Book Quote:

“We were all at the mercy of chance, no matter how confident we felt, hostages to our own human frailty. And that applied not only to people, but to countries too. Things could go wrong and entire nations could be led into a world of living nightmare; it had happened, and was happening still. Poor Africa; it did not deserve the things that had been done to it. Africa, that could stand for love and happiness and joy, could also be a place of suffering and shame.”

Book Review:

Reviewed by Mary Whipple (MAY 27, 2009)

Not a believer that change is entirely for the better in Botswana society, Mma Precious Ramotswe, the “traditionally built” owner of the No.1 Ladies Detective Agency in Gaborone, has decided that cars are among the biggest agents of change, making people lazy. She has therefore decided to walk the two miles each way to her office, located beside the garage where her husband Mr. J. L. B. Matekoni operates a car repair service. She secretly admits, however, that the real reason she is walking is that her beloved little white van, now twenty-two years old, is making strange noises, and she fears that when Mr. J. L. B. Matekoni hears them that he will decide her little van can no longer be repaired.

Focusing on relationships and the patterns of politeness that make good communication flourish, the novel, though ostensibly a mystery, is filled with warm, homey touches—the giggling of Motholeli, Mma Ramotswe’s wheelchair-bound foster child, when she plays with her friends; Mma’s need to urge the children to do their homework; her foster son Puso’s love of football (like the passionate love for football among all her other male acquaintances); her protectiveness toward her husband; her need to make Mma Grace Makutsi, her assistant at the detective agency, a little more flexible about what she believes to be “the rules”; and her empathy toward Fanwell, a young apprentice who works for Mr. J. L. B. Matekoni and supports five other family members.

Her innate kindness toward others, and the belief that “there is plenty of work for love to do,” dominate all aspects of Mma Ramotswe’s life, because, she believes, “We [are] all at the mercy of chance… When we dismiss or deny the hopes of others…we forget that they, like us, have only one chance in this life.” Her husband, Mr. J. L. B. Matekoni, is just as thoughtful, donating one day every two weeks to help a needy friend keep abreast of the work that is piling up in his shop. As always he keeps the machinery at the local orphanage in working order, even when it is costly to himself.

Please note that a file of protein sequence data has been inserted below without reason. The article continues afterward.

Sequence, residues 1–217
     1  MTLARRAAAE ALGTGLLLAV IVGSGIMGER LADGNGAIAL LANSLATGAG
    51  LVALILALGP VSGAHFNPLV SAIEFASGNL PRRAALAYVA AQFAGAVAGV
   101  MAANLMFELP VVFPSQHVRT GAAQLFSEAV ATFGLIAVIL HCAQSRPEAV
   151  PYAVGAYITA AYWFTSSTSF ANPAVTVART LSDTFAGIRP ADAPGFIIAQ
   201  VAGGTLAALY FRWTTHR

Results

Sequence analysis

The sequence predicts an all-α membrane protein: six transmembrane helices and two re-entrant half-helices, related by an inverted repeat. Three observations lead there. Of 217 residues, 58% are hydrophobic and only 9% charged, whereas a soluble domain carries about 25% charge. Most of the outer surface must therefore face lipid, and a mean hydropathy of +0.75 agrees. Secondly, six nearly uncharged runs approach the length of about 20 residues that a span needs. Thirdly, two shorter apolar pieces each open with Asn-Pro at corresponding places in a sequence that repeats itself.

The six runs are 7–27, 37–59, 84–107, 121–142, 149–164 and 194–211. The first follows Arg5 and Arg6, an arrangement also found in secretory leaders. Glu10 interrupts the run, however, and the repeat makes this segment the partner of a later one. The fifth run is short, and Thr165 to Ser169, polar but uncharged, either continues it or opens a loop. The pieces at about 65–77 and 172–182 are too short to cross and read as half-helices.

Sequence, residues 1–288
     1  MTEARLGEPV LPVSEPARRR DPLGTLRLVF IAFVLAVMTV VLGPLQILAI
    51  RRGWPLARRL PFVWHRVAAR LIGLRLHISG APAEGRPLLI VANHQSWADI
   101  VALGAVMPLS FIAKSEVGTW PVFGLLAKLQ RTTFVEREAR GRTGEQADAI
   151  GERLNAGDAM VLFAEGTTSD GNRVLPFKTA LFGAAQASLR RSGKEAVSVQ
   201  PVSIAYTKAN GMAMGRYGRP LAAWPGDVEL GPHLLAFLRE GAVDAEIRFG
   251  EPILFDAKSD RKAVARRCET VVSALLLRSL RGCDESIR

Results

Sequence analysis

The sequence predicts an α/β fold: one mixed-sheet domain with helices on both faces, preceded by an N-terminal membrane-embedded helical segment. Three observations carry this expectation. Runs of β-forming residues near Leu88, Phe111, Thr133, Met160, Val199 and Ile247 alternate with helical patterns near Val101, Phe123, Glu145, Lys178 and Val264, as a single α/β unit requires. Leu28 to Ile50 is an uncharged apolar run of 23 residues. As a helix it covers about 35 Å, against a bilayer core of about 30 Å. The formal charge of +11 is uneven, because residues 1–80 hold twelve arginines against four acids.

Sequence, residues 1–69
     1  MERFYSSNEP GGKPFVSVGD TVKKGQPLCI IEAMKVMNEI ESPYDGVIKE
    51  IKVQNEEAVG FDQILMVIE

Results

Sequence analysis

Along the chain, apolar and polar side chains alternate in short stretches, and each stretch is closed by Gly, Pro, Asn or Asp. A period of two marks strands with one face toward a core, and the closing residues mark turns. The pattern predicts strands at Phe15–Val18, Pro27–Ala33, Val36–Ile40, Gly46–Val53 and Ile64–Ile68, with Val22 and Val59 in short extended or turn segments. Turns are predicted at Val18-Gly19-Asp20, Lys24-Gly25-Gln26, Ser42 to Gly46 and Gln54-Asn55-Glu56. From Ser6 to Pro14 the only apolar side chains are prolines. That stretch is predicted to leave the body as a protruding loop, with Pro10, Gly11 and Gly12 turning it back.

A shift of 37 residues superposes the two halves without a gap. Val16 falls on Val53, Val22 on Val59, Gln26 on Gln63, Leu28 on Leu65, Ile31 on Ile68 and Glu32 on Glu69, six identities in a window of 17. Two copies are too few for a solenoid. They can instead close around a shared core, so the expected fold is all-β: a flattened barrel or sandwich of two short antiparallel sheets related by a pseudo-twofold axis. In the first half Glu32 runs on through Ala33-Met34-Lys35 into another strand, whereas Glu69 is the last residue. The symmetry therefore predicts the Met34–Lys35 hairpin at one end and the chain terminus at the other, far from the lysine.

More sentimental and less dependent upon plot than some of the earlier novels in this endearing series, Tea Time for the Traditionally Built intersperses local stories, gossip, and legends among several (sometimes thin) plot lines—Mma Ramotswe’s love for her little white van and her unhappiness about its possible future; a mysterious case of the Kalahari Swoopers, a great football team that is losing too many games, a particular worry for its owner, Mr. Molofololo; the fate of the romance between Mma Grace Makutsi and her fiancé, Mr. Phuti Radiphuti, after he hires Violet Sephotho to work in his furniture shop; and the case of a woman who is trying to live with two husbands.

Characters familiar to readers of earlier novels also make their appearances here. Charlie, the apprentice mechanic for Mr. J. L. B. Matekoni, still does not like to work, if he can avoid it, but he plays a key role in resolving one of the plot lines. Glamorous Violet Sephotho, a poor student at the secretarial college where Grace Makutsi earned 97% on her final exam, lies about her exam scores to get a job with Phuti Radiphuti, intending to use her considerable charms to steal him away from his fiancée Grace. Mr. Polopetsi, a man saved from disaster in a previous novel, and who now works for Mr. J. L. B. Matekoni, helps out at the detective agency and offers advice to Mma Ramotswe. And Mma Potokwane, who runs a large orphanage, drifts in and out of the action here, too, always in need of help.

“Cozy,” in the warmest sense of the word, the novel makes readers feel good about life, about principled women like Mma Ramotswe, about the pace of life which allows people to slow down or stop in order to be kind to others, and about the value of communication and good will in the solving of big problems. Whereas Mma Makutsi believes that “The trouble with this country [is] that there are too many people sitting down in other people’s chairs,” Mma Ramotswe believes that “if a chair is empty, then anybody should be welcome to sit in it…Maybe the real problem with the modern world,” she emphasizes, “[is] that not enough of us [are] prepared to share our chairs.”

AMAZON READER RATING: stars-4-5from 163 readers
PUBLISHER: Pantheon (April 21, 2009)
REVIEWER: Mary Whipple
AUTHOR WEBSITE: Alexander McCall Smith
EXTRAS: Excerpt
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Children’s Books:


  • The Criminal Law of Botswana
  • Changing People: The Law and Ethics of Behavior Modification (1994)
  • Health Resources and the Law (1994)
  • Forensic Aspects of Sleep (1997)

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May 27, 2009 · Judi Clark · No Comments
Tags: , , ,  · Posted in: Africa, Sleuths Series, World Lit

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